Californian Anchovy (aka Northern Anchovy)


About four years, but the oldest recorded was seven

In large schools along coastal waters
In the Pacific Ocean from British Columbia to Baja California
Plankton through filter feeding and sometimes “pecking” at larger food items

Don’t let the anchovy’s small size fool you—they play a BIG role in the ocean. The Californian anchovy is known as a baitfish or forage fish, meaning they are a favorite meal of larger, predatory fish. That also means they are a crucial link in the ocean food web. They eat small plankton, then, in turn, provide energy for bigger fish, birds and mammals. A lot of species depend on the Californian anchovy. For example, the breeding success of California brown pelicans and terns, depends on healthy populations of anchovies!

Californian anchovies are an important part of the fishing industry, too. Not only do people eat them, but they’re also used for bait and pet food. Scientists, fishers and policymakers are concerned with keeping enough of baitfish in the ocean to support healthy ecosystems and a healthy fishery.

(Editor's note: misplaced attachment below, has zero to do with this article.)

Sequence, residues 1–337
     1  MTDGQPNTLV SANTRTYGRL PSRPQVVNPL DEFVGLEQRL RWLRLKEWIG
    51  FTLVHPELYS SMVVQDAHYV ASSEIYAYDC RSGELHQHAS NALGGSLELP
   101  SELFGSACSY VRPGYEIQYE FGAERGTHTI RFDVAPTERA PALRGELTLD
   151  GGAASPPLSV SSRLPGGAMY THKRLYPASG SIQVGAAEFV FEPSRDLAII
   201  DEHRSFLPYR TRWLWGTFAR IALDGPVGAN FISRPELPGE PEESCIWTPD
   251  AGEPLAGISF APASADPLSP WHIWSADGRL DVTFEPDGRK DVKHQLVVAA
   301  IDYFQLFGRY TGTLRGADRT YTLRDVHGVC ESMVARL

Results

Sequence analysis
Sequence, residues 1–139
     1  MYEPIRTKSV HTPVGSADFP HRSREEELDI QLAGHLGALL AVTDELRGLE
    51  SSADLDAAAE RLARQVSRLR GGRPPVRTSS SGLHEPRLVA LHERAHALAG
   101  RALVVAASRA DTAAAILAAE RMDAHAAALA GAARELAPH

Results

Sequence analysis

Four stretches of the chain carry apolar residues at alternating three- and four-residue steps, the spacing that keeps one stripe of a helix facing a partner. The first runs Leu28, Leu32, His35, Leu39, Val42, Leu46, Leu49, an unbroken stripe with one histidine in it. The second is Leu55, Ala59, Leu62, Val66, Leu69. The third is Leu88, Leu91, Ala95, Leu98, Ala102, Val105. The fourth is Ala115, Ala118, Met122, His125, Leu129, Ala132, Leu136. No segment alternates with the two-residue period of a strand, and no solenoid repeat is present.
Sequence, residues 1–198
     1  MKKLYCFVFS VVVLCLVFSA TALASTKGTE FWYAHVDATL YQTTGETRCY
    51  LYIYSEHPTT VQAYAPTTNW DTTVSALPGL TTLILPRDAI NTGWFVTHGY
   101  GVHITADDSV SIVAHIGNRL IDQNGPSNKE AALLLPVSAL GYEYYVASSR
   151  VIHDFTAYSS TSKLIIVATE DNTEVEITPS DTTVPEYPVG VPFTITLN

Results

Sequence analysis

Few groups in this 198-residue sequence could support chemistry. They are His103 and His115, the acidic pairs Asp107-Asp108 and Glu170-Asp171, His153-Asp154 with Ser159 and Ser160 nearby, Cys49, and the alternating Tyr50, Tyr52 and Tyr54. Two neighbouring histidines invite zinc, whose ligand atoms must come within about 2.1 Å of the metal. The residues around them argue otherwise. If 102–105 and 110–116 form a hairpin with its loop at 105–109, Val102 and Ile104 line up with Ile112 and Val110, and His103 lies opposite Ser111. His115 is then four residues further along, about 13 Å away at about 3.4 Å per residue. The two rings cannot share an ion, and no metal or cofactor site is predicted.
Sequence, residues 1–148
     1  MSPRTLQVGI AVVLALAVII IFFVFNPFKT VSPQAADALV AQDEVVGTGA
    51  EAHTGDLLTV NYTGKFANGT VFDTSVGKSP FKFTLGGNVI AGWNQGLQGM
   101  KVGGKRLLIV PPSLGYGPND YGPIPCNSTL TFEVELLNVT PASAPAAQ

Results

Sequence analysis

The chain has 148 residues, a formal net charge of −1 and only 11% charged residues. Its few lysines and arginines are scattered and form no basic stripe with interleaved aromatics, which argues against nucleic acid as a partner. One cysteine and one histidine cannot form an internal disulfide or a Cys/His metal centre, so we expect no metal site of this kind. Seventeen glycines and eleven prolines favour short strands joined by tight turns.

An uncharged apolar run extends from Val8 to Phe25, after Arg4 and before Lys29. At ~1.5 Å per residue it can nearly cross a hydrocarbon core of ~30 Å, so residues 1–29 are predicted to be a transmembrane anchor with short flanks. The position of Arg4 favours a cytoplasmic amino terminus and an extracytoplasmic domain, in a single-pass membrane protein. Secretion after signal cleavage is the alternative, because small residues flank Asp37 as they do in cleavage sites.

Californian anchovies employ an interesting strategy to avoid being someone else’s lunch. They swim in massive schools, sometimes numbering in the thousands. With all of them moving at once, it makes it harder for a predator to focus on just one.

Did You Know?
If you ever see an anchovy “yawning,” it’s because they’re hungry! They open their mouths wide to filter tiny phytoplankton and zooplankton from the water.
Status and Conservation
There isn’t enough data on their populations to know exactly how healthy they are. Although the rate of fishing has decreased since the high levels of the 1980s, setting accurate catch limits is tricky because of their “boom-and-bust” population cycles. Their numbers are likely affected by upwelling events and water temperature, which means that climate change could negatively affect population levels.
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